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UNESCO committed to continued support for Jordan — director general

By Dana Al Emam - May 20,2017 - Last updated at May 21,2017

Irina Georgieva Bokova

DEAD SEA — UNESCO is committed to continuing to advocate for more support for Jordan in order to provide a better future for refugees and host communities, a senior UNESCO official said on Saturday.

Director General of UNESCO Irina Georgieva Bokova said the agency was one of the first agencies to advocate for the need to support refugees and host communities in Jordan, and has continuously advocated for financial support to the Kingdom through the World Bank and other partners.

In an interview with The Jordan Times on the sidelines of the World Economic Forum (WEF) on the Middle East and North Africa, she said the WEF 2017 is "important" because it is held in Jordan, which plays a critical and important role in the region from different perspectives.

She commended Jordan's efforts to advance the role of youth at the international community level. 

In April 2015, Crown Prince Hussein proposed international action while chairing a UN Security Council open debate on the “Role of Youth in Countering Violent Extremism and Promoting Peace”. 

In August of the same year, Jordan hosted the Global Forum on Youth, Peace and Security.

In December 2015, the UN Security Council unanimously adopted a Jordan-proposed resolution on youth.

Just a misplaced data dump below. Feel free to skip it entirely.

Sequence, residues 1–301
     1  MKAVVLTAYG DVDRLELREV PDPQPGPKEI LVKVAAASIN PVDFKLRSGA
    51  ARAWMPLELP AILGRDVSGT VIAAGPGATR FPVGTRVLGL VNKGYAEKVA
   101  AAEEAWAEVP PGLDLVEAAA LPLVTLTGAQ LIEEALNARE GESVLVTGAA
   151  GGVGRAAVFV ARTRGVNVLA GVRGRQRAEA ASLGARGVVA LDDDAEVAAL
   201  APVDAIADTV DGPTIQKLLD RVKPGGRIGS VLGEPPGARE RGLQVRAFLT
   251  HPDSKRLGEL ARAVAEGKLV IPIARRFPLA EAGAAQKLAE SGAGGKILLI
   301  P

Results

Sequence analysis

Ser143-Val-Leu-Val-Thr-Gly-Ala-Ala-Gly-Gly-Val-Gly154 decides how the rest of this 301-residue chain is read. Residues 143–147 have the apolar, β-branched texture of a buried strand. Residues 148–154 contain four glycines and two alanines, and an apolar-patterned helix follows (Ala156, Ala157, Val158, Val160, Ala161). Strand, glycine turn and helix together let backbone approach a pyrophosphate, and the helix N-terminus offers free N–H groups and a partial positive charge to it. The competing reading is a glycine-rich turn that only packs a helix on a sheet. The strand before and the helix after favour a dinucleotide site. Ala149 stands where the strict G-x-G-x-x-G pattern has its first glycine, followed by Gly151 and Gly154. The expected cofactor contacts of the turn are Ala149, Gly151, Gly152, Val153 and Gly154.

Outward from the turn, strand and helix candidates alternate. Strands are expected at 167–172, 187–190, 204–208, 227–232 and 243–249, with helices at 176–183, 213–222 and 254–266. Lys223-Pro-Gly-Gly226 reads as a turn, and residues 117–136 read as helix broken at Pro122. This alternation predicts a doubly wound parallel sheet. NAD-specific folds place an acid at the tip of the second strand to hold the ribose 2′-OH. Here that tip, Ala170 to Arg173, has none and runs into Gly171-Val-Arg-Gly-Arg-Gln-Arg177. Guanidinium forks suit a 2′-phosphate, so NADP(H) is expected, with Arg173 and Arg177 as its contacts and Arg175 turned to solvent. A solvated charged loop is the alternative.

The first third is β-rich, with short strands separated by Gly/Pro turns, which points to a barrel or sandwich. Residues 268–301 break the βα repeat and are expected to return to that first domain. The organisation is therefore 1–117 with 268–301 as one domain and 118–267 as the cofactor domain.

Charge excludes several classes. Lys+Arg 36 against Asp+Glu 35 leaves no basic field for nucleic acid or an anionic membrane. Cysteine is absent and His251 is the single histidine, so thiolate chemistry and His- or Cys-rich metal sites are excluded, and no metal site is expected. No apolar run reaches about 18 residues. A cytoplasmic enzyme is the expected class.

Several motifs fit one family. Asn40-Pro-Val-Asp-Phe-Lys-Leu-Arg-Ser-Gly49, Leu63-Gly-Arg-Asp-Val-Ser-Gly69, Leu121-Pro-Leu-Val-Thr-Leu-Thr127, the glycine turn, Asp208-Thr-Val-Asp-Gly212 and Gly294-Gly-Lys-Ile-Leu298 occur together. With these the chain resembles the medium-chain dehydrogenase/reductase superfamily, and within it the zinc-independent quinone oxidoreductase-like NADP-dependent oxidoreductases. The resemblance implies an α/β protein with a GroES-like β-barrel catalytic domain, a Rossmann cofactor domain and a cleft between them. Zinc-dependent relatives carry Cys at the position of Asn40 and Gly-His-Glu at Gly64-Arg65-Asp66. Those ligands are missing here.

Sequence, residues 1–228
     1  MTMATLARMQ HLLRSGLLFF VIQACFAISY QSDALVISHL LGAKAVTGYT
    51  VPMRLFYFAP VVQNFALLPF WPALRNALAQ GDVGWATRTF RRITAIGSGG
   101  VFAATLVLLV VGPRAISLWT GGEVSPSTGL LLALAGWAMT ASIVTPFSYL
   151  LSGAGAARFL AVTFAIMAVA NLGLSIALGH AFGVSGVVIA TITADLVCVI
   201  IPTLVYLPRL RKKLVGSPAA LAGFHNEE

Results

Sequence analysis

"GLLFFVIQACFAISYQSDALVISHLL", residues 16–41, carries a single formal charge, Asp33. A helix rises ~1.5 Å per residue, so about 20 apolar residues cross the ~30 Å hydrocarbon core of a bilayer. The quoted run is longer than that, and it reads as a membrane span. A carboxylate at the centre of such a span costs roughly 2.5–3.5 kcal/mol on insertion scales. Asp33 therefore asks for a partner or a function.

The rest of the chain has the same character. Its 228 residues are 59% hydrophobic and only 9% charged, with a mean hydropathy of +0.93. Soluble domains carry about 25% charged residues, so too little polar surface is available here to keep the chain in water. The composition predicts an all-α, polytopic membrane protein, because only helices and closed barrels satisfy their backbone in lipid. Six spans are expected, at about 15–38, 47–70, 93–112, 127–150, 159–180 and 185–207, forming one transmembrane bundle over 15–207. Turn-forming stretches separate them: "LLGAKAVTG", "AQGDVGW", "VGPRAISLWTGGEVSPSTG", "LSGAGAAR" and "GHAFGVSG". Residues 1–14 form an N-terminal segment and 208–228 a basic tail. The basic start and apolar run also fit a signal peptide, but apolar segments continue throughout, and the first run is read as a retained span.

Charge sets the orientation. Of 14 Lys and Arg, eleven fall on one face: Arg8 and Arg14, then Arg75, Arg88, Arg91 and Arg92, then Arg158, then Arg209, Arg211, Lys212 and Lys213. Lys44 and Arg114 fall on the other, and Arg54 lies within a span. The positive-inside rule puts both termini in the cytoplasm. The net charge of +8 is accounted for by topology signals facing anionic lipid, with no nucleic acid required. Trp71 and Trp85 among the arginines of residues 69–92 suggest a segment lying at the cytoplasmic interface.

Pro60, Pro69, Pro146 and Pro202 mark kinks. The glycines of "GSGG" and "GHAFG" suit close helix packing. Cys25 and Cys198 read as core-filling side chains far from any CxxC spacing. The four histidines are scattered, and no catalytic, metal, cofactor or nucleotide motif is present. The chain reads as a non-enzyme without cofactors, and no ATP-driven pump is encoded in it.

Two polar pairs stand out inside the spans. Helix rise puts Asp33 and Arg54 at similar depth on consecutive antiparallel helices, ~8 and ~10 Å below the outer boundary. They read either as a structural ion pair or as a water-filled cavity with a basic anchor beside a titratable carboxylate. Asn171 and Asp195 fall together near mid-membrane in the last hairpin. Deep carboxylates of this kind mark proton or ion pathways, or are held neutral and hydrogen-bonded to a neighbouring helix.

Bokova noted that Jordan's efforts continue until today and that the Kingdom has supported many of UNESCO's initiatives for the protection of heritage, intercultural dialogue and the fight against extremism. 

"Military power is necessary for the fight against aggressive extremist ideologies but it is not enough, as what we see today is a global fight for the minds and hearts of the young people," she said. 

Citing the prevention of violent extremism as one of UNESCO's top priorities, the international envoy noted UNESCO's efforts in this regard are carried out through the engagement of youth, as well as equipping young people with the necessary skills through school curricula and vocational training opportunities. 

These efforts include providing education for refugees, in partnership with the Education Ministry. 

"The lost generation in the making is a very easy prey for the extremist tool to kidnap them, use them and manipulate them for their strategies," Bokova told The Jordan Times.

The other aspect, she said, is about protecting diversity.

"Having tolerance nowadays is not enough; it is acceptance of the other and how we understand other cultures [that is needed]," Bokova noted.


One example of doing that is UNESCO's publication on the History of Islam in 6 volumes with different chapters, including ones on Islamic culture, sciences and philosophies. This publication was translated into many languages.

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